In some sense, we consider this to be perhaps a baffling question! The stated aim of, say, the Research Careers Initiative (RCI) is to dispose of CRS after one or at most two contracts, and to encourage a flow into industry—good staff will therefore inevitably leave.

  The meaning of "good" will probably be subjective, perhaps to be interpreted by individual grant-holders who may overlook a "good researcher" for a variety of reasons. In any case there are already recruitment difficulties, especially in areas such as Computer Science and Biological Sciences. An interesting question is whether fixed-term contracts have the effect of reducing the applicant pool—a related question would be: does the present situation cause good researchers not to apply in the first place?

What would be the right balance between contract and permanent research staff in universities and research institutions?

  We believe that universities should operate on a principle of permanency. Any acceptance of there being a percentage of staff on fixed-term contracts will mean that universities continue with existing policies based on significant casualisation. There would not be any impetus to change.

  Virtually all staff should be on open-ended contracts. The only role for fixed-term contracts might be where a need is identified for a short, truly finite post, but where it is not possible to cover via other institution staff. Even then, in a reasonably managed unit the level of cover needed would be factored into the staffing level requirement, to ensure there would normally be sufficient capacity within existing staff; for example, there may be an assumption that 10 per cent of staff would legitimately be excused from some of their duties at any one time (eg on sabbatical, training, long-term sick leave, maternity leave) and so appropriate staffing levels would be set.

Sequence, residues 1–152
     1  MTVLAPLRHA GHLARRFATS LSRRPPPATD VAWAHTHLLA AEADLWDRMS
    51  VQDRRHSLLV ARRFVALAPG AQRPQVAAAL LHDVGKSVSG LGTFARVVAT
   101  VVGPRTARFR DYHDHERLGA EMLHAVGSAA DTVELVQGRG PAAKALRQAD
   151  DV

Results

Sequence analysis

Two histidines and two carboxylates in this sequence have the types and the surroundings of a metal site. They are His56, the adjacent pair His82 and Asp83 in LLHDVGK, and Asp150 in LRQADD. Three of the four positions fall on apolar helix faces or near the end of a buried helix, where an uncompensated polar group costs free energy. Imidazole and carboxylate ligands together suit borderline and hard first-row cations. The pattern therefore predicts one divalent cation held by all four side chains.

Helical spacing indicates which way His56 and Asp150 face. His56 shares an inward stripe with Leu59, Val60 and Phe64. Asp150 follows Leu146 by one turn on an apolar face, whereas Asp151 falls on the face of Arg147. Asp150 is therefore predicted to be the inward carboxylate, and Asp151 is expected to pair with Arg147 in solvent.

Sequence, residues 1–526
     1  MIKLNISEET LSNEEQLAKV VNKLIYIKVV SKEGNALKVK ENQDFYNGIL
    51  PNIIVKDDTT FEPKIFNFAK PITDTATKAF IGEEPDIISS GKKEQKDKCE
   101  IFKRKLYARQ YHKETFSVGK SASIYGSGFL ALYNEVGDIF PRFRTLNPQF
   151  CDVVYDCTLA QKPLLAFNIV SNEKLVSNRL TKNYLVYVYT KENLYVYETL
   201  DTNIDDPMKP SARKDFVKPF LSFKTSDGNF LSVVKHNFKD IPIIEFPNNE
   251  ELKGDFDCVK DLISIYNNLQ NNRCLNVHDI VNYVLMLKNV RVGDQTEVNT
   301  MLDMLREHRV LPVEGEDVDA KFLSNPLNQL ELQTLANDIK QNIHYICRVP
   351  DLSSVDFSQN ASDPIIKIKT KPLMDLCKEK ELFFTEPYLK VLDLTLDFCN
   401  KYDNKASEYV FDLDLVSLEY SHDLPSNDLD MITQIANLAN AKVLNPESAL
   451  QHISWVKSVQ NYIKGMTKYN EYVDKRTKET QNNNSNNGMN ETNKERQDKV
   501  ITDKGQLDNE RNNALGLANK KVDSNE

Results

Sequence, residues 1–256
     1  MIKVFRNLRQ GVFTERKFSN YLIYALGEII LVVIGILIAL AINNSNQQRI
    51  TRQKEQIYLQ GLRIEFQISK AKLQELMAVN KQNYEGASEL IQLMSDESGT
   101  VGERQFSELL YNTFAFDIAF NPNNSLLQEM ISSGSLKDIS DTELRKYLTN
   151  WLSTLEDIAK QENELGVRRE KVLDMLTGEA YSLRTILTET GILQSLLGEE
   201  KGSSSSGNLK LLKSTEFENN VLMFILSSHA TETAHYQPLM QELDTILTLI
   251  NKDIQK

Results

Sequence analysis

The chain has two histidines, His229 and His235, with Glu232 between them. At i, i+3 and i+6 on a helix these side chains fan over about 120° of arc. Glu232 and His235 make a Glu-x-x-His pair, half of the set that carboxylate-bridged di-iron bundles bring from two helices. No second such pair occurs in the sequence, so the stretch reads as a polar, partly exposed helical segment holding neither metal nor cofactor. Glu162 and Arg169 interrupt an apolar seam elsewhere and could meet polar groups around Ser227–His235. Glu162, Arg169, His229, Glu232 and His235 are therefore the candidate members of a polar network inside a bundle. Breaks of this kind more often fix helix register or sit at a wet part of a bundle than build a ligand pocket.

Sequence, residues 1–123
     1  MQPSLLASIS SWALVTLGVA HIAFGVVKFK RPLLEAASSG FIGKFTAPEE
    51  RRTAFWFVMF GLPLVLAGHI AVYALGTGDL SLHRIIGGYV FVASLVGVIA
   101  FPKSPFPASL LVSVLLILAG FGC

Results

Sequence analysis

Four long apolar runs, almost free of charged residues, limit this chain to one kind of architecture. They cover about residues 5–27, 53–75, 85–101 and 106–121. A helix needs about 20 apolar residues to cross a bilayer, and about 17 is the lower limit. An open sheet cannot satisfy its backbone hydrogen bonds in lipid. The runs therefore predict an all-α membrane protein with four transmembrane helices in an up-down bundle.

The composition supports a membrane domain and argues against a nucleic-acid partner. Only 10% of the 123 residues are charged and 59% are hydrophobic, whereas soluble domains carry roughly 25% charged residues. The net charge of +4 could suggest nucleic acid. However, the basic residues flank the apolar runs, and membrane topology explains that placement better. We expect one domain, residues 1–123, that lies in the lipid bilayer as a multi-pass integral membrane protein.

Has the Concordat and the Research Careers Initiative made any difference?

  Our opinion is no. They are based on a principle of casualisation and are addressing problems resulting from fixed-term contracts—these problems would disappear when open-ended contracts are introduced for the vast majority of staff.

  At Manchester, the Concordat was implemented via a "Code of Practice" agreed with MAUT. Even now, there are CRS and PIs who never received this. Maternity pay remains a significant problem, in practice.

  We will leave others to comment in more detail.

How should policy move forward?

  In some sense, we do not believe there is a great deal for the Government to do at the policy level, especially once the fixed-term regulations are introduced (see below). However, it is imperative that the Government changes the fixed-term contract culture currently operating within universities.